Browser Level Performance Testing Using Element

Browser Level Performance Testing Using Element

For the past couple of years, I’ve heard more and more folks talk about using UI browser-based automation tools for performance testing as an alternative to more traditional load testing tools like JMeter and Gatling at the protocol level.

Back in the day, I used to do something similar—running a WinRunner GUI Vuser in LoadRunner to try to get performance measurements from a “user’s perspective.”

The approach worked, but it was cumbersome.

I recently heard about an open-source tool called Flood Element that allows users to do something similar to the old -time GUI Vuser, but in a more modern, scalable way.

Flood Element

What is Flood Element?

Element is an open-source Puppeteer that uses a browser-based load testing tool. Scripts are created using Typescript.

You can use it against your Web app in the same way that your customers do, opening a browser and interacting with page elements.

It’s written like a functional test script, but with the help of Flood, you can quickly run a load test on as many nodes you want in the Cloud.

Their goal was to make the “black art” of performance testing more accessible to folks who are more familiar with functional testing script development.

What is Load Testing?

Before we take a more in-depth look at Flood Element, let’s be sure we’re on the same page when talking about “performance” testing. Flood.io’s Tim Koopman’s definition is: “Load testing is the art of stimulating demand on the system and then measuring it for performance.”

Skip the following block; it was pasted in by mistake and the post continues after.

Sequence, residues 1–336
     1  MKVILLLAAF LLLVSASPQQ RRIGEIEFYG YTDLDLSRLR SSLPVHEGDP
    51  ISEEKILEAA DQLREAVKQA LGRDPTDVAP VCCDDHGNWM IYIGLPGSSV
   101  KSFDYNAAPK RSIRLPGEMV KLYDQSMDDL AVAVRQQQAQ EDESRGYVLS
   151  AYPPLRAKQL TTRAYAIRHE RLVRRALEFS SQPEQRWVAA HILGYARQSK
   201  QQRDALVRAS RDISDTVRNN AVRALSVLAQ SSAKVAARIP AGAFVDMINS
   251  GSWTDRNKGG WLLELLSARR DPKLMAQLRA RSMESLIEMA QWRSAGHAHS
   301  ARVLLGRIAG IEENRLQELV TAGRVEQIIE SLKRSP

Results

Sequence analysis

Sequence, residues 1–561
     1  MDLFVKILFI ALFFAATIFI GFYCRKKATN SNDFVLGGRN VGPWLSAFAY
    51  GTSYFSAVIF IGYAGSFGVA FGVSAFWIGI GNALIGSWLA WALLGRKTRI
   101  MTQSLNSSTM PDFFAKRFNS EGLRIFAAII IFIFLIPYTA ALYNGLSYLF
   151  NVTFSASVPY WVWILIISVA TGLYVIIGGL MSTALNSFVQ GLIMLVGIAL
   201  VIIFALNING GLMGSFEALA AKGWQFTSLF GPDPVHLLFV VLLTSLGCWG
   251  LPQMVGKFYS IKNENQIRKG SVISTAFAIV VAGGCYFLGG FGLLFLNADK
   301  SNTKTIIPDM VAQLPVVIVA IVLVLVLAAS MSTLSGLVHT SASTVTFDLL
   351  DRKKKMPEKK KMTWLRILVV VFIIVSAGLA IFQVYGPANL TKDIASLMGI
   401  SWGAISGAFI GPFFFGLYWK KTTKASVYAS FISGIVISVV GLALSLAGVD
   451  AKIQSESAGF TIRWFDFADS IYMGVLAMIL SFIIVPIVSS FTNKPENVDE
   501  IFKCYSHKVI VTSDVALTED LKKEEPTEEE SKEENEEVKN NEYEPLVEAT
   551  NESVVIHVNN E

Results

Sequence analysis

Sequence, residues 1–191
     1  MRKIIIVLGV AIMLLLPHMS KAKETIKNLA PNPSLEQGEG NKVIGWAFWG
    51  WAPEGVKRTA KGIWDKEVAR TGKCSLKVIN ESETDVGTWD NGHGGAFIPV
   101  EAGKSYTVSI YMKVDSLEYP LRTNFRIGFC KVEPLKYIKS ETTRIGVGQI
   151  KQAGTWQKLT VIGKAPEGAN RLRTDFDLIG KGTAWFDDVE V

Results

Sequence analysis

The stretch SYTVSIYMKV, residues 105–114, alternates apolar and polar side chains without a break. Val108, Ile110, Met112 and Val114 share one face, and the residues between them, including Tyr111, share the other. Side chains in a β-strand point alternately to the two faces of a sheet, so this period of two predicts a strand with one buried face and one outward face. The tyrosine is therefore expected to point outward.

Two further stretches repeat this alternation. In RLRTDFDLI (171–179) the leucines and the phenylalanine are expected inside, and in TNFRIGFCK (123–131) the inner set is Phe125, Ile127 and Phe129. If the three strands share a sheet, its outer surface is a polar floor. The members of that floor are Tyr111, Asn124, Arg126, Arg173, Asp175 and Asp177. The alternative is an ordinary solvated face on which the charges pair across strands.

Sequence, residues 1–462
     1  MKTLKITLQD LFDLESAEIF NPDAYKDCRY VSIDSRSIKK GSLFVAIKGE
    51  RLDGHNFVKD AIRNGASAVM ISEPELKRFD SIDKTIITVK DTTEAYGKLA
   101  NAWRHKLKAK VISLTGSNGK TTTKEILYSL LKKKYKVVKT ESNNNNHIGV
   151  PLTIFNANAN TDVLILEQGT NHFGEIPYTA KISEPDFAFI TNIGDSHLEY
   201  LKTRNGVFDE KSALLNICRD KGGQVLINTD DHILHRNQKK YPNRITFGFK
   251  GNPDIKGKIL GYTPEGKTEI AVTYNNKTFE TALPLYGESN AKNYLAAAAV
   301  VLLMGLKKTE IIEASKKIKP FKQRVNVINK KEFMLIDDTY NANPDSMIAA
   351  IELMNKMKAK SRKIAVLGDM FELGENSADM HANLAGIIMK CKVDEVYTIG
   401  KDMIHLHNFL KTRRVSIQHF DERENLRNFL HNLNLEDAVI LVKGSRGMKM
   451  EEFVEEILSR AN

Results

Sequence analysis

Performance Pears

In his PerfGuild 2019 session, Making Load Testing with Browser a Reality, Tim shared a mnemonic he likes to use— PEARS—to remember the other dimensions of performance testing that you need to focus on: performance, elasticity, availability, reliability, and scalability.

Here’s the deal.

Why Use this Browser Performance Testing Approach?

Some folks might be wondering why they shouldn’t just use a non-UI-based protocol??

While I agree that’s often the optimal approach, there’s something to be said about not having to figure out how to write scripts in, say, Winsock, since it’s not the easiest thing to do.

Remember: load testing is simply a means to an end. The main goal is to observe the above different PEARS dimensions under load. It’s what you do about those dimensions that make all the difference in your load test efforts.

To do something about them, you have to be able to simulate load in the first place. And that’s where I see many people, both new and old to performance testing, spend too much time.

In my experience, a disproportionate amount of time is typically spent building and maintaining load test scripts at the protocol level to simulate that demand. And this is all at the cost of execution and analysis, which is the pointy end of lead testing (and where we should be spending the majority of our time), but unfortunately, we kind of get sucked into this enormous time sink of load test creation.

That’s really what this post is about: the reality of using load tests with browsers. When I was first beginning my career as a performance test engineer, I always defaulted to protocol-level scripting when getting involved with performance testing.

But over the past couple of years, most of the sites I’ve had to test have become increasingly complicated when it comes to the protocol level underneath. 

For example, it’s not uncommon to see more than 300 requests on the first visit to a site like Amazon.com. And not only are there tons of requests going back and forth between the browser and server, but the browsers themselves are doing a lot more work for us these days than they did 20 years ago.